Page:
As the systems of care are transformed, many new roles will need to be created and new skills developed. These will range from technological expertise and project management, to successful change management. The systems of care need to become ‘learning systems’ that are constantly striving to improve quality, cost and access. They must build their capacity so as to become more adaptable and resilient. As demands continue to change, skills, talent and experience must be retained. This means ensuring that knowledge is captured and used to improve the next set of projects, leading to greater productivity and increasing success.
- Increasing technology skills; continuous improvement.
- Building a skill base that can bridge the clinician-technologist gap and ensure that needs are understood and addressed by ICT.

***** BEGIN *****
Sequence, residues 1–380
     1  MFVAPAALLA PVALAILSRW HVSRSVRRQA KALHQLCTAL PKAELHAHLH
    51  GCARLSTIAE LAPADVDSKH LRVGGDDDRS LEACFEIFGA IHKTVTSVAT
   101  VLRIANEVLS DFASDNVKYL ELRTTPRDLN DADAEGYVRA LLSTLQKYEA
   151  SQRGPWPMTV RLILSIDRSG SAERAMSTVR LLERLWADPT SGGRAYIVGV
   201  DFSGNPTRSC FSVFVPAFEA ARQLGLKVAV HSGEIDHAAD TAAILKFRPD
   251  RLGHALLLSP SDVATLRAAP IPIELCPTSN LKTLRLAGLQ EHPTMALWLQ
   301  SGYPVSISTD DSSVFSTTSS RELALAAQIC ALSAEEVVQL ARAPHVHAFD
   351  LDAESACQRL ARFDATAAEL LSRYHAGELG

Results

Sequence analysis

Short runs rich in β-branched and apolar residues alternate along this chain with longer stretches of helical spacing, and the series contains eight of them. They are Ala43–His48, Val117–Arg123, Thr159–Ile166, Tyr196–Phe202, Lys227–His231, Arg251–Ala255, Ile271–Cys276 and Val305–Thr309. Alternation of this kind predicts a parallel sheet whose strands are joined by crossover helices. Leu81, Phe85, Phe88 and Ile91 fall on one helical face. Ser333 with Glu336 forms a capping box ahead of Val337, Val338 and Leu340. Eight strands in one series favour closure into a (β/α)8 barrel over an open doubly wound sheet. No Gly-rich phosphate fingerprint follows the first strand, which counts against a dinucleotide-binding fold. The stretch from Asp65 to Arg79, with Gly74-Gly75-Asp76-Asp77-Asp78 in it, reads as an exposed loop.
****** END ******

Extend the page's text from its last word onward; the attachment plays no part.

- Providing tools, processes and platforms to allow organisations to assess themselves and build their own capacity to deliver successful change.
- Creating an environment where service improvements are continuously evaluated and delivered for the benefit of the entire care system.
Indicators of maturity:
Capturing knowledge from every project; nurturing deployment skills; creating new roles that bridge the gap between clinician and technologist; self-assessment tools to identify readiness, expose gaps, and acquire expertise.
- No plan for capacity-building
- Single organisational initiatives engaged in process improvement
- Some mechanisms for sharing knowledge among organisations
- Systematic learning about IT; integrated care and change management
- Knowledge shared, skills retained and lower turnover of experienced staff
- A ‘learning healthcare system’ involving reflection and continuous improvement.